Browse Our Mathematics and Statistics Journals

**Mathematics and statistics journals publish papers on the theory and application of mathematics, statistics, and probability. Most mathematics journals have a broad scope that encompasses most mathematical fields. These commonly include logic and foundations, algebra and number theory, analysis (including differential equations, functional analysis and operator theory), geometry, topology, combinatorics, probability and statistics, numerical analysis and computation theory, mathematical physics, etc.**

# Mathematics and Statistics

In this article, we define the notion of a generalized open book of a *n*-manifold over the *k*−sphere *S ^{k}
*,

*k < n*. We discuss Lefschetz open book embeddings of Lefschetz open books of closed oriented 4-manifolds into the trivial open book over

*S*of the 7−sphere

^{2}*S*. If X is the double of a bounded achiral Lefschetz fibration over

^{7}*D*, then

^{2}*X*naturally admits a Lefschetz open book given by the bounded achiral Lefschetz fibration. We show that this natural Lefschetz open book of

*X*admits a Lefschetz open book embedding into the trivial open book over

*S*of the 7−sphere

^{2}*S*.

^{7}We show that if a non-degenerate PL map *f* : *N* → *M* lifts to a topological embedding in *N ^{n}
* →

*M*≥

^{m}, m*n*, lifts to a topological embedding in

This short note deals with polynomial interpolation of complex numbers verifying a Lipschitz condition, performed on consecutive points of a given sequence in the plane. We are interested in those sequences which provide a bound of the error at the first uninterpolated point, depending only on its distance to the last interpolated one.

For a lattice *L* of finite length *n*, let RCSub(*L*) be the collection consisting of the empty set and those sublattices of *L* that are closed under taking relative complements. That is, a subset *X* of *L* belongs to RCSub(*L*) if and only if *X* is join-closed, meet-closed, and whenever {*a, x, b*} *⊆ S, y* ∈ *L, x* ∧ *y* = *a*, and *x* ∨ *y* = *b*, then *y* ∈ *S*. We prove that (1) the poset RCSub(*L*) with respect to set inclusion is lattice of length *n* + 1, (2) if RCSub(*L*) is a ranked lattice and *L* is modular, then *L* is 2-distributive in András P. Huhn’s sense, and (3) if *L* is distributive, then RCSub(*L*) is a ranked lattice.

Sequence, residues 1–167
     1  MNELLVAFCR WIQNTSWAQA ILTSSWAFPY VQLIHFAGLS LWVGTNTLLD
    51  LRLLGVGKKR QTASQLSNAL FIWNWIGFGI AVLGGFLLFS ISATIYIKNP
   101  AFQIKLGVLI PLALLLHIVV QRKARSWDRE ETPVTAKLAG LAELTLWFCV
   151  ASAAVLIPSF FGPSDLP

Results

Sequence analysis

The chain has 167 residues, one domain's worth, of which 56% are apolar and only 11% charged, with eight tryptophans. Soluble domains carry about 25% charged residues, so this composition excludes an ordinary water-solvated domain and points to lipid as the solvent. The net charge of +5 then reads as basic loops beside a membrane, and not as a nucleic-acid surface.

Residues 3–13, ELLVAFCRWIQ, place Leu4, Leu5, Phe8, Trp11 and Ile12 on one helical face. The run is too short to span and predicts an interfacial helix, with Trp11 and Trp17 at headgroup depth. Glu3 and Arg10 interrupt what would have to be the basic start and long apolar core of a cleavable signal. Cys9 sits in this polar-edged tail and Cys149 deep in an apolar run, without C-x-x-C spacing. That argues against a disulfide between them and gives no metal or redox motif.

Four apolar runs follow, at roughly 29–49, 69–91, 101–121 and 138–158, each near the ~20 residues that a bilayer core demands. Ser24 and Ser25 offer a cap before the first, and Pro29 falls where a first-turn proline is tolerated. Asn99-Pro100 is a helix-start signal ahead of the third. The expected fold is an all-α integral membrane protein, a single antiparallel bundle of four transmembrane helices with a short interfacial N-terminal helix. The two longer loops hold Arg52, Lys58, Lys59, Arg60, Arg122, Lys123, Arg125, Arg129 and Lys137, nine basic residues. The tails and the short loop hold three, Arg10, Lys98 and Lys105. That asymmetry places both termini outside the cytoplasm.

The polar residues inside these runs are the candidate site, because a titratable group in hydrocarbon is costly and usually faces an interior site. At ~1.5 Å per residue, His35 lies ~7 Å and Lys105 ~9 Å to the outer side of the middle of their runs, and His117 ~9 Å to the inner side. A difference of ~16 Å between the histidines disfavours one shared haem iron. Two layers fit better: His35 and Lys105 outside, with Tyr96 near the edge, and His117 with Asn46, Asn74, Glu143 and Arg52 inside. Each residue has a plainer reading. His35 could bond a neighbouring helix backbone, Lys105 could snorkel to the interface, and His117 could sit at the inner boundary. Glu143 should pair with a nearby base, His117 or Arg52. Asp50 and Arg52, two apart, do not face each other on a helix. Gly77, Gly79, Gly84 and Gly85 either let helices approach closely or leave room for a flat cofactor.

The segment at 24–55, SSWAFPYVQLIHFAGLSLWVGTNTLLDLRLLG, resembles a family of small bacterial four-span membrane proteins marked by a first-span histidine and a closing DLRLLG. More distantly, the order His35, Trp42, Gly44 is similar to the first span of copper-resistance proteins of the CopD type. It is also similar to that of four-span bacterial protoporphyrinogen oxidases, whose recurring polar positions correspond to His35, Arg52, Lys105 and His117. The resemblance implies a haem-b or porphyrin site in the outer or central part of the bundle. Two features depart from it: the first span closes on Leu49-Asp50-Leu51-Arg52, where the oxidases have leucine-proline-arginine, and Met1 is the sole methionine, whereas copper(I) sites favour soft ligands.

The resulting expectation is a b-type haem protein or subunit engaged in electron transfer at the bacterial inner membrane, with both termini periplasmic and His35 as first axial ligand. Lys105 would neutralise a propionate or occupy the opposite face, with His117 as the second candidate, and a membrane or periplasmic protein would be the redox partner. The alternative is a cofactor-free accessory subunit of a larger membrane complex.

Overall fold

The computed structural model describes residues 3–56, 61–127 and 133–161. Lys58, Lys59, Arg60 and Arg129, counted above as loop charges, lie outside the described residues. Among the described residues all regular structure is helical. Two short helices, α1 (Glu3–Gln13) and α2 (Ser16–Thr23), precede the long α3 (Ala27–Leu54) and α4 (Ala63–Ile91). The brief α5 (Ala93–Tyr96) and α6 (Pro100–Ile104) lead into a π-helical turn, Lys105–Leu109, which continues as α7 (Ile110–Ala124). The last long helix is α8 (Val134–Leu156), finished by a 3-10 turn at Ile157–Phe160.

In this paper, centralizing (semi-centralizing) and commuting (semi-commuting) derivations of semirings are characterized. The action of these derivations on Lie ideals is also discussed and as a consequence, some significant results are proved. In addition, Posner’s commutativity theorem is generalized for Lie ideals of semirings and this result is also extended to the case of centralizing (semi-centralizing) derivations of prime semirings. Further, we observe that if there exists a skew-commuting (skew-centralizing) derivation *D* of *S*, then *D* = 0. It is also proved that for any two derivations *d*
_{1} and *d*
_{2} of a prime semiring *S* with char *S* ≠ 2 and *x*
^{
d
1
}
*x*
^{
d
2
} = 0, for all *x* ∈ *S* implies either *d*
_{1} = 0 or *d*
_{2} = 0.

We study a combinatorial notion where given a set *S* of lattice points one takes the set of all sums of *p* distinct points in *S*, and we ask the question: ‘if *S* is the set of lattice points of a convex lattice polytope, is the resulting set also the set of lattice points of a convex lattice polytope?’ We obtain a positive result in dimension 2 and a negative result in higher dimensions. We apply this to the corner cut polyhedron.

A leaf of a tree is a vertex of degree one and a branch vertex of a tree is a vertex of degree at least three. In this paper, we show a degree condition for a claw-free graph to have spanning trees with at most five branch vertices and leaves in total. Moreover, the degree sum condition is best possible.

We prove that the number of unit distances among n planar points is at most 1.94 • *n*
^{4/3}, improving on the previous best bound of 8 *n*
^{4/3}. We also give better upper and lower bounds for several small values of *n*. We also prove some variants of the crossing lemma and improve some constant factors.

Two hexagons in the space are said to intersect *heavily* if their intersection consists of at least one common vertex as well as an interior point. We show that the number of hexagons on *n* points in 3-space without heavy intersections is o(*n*
^{2}), under the assumption that the hexagons are ‘fat’.